It’s not the first time a repentant thief has sent back valuables. From bad luck to guilt, here are some other good deeds done by tomb raiders for the sake of a clean conscious.
The Red Army’s Stolen Drawings
In 1993, a retired Red Army officer dropped off an anonymous delivery of 101 drawings by masters like Goya, Manet, and Delacroix at the German embassy in Moscow. They had been looted from the Bremen museum in 1945 by Soviet soldiers, and stored in a castle outside Berlin. The officer said he discovered them being mistreated and took them home. “’He wanted the stuff to go back,” one of the Soviet-era art scholars who later tracked him down told The New York Times. “For all those 50 years he felt he was sitting on stolen property.”
But it wasn’t until seven years later, when Germany returned two pieces of the legendary and elusive Amber Room to Russia, that the drawings finally made their way back to the motherland. It was the first time Russia allowed a return of art taken during World War II, and Russian officials stressed that it was the doing of a private citizen—and the state would not be following suit. Much to Germany’s anger, Russia remains unwilling to give back the 200,000 pieces of artwork it took from Nazi territories as WWII ended. The so-called “trophy art” continues to be a diplomatic stalemate, even causing current-day tensionbetween German Chancellor Angela Merkel and Russian President Vladimir Putin.
The looting of the Baghdad Museum as Saddam Hussein’s government crumbled was one of the most devastating moments for antiquities lovers, who watched from across the globe as priceless treasures were grabbed across the war-torn country. In 2003, three men anonymously returned one of Iraq’s most precious treasures in the back of a car. The Sacred Vase of Warka, a massive limestone bowl, dates back to around 3200 B.C. The anonymous return meant the men would not face prosecution from the American-led Coalition Provisional Authority, who threatened punishment against those in possession of looted objects.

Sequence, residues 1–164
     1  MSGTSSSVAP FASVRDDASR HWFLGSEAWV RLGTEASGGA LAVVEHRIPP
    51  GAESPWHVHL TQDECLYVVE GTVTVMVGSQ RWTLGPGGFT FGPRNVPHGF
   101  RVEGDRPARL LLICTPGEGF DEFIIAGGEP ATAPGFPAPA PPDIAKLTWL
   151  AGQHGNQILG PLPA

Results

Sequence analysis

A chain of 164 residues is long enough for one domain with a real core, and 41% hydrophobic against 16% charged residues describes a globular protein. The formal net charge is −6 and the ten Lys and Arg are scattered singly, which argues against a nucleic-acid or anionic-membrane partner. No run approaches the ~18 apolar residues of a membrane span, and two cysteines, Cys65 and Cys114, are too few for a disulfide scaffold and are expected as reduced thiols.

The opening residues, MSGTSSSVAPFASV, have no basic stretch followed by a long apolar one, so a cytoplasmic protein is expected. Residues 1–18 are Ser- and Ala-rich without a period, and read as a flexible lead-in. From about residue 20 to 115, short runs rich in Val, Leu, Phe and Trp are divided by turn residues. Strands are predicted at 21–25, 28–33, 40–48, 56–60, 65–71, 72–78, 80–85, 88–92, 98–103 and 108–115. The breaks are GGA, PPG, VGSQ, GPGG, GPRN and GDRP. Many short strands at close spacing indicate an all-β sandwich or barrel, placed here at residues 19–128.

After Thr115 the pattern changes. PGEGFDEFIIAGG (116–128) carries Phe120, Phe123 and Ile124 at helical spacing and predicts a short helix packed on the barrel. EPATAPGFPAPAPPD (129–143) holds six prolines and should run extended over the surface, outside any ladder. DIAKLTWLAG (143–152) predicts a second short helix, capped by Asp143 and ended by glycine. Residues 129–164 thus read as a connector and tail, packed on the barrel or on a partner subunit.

The remorseful plunderer wrote. “I stole them in July 1995, and since then they have brought me nothing but trouble.”
Frescoes of Pompeii
In 2001, London dealer James Ede received (PDF) an anonymous phone call that led him to his doorstep, where he found six fragments of Roman frescoes taken from Pompeii during excavations. They had been stolen 16 years earlier from the walls of a villa near the ancient city, and were estimated to be worth around £100,000. According to investigators (PDF) in Rome, the pieces had recently been put on the London market by an Irish businessman, but the fear of pending investigations prompted him to give them up instead.
Box of the Maya
In 2006, just a year after a stunning 1,500-year-old stone box from the Mayan civilization was found in Guatemala, it mysteriously vanished. Investigators said the thieves managed to get past the locked gate protecting the cave where the ancient treasure was discovered. But after a national investigation, its owner seemed to get cold feet and returned it in an anonymous delivery at the country’s Ministry of Culture. In an included note, the returnee, who claimed to be a private buyer, said the piece had been purchased without the knowledge it was stolen. The box, which may have held a book, was described as one of the best pieces from the ancient Mayan classical period and had been missing for only two months.
A Piece of the Parthenon
In the 1960s, a young Dutch backpacker grabbed a small piece of the Greek Parthenon during a visit to the temple in Athens. Nearly half a century later, in 2009, guilt finally got the best of him, and he turned it over to the Dutch National Museum of Antiquities, which facilitated the piece’s return to the Acropolis. Though the piece was just a fragment, Greek authorities said they hoped other sticky-fingered tourists would follow suit.
Utah’s Man Down
In 1950, a group of rancher brothers by the name of Pilling discovered 11 small ancient clay figurines in a Utah canyon. Archaeologists determined they belonged to a long-vanished people called the Fremont Culture, who had lived in the region from 700 to 1300 A.D. For two decades, these pieces, which came to be known as the Pilling Collection, toured around Utah museums. But in the early 1970s, one of the figures mysteriously failed to show up. In 2011, an anthropologist at Utah State University received a box with the missing piece. In it was an anonymous note: ‘Sometime between 1978 and 1982 I came into possession of this piece by way of a vagabond acquaintance. He had told of ‘acquiring’ it near Vernal, Utah. I have great interest and respect for this continent’s native culture and have always hoped to somehow return this to wherever it had come from.”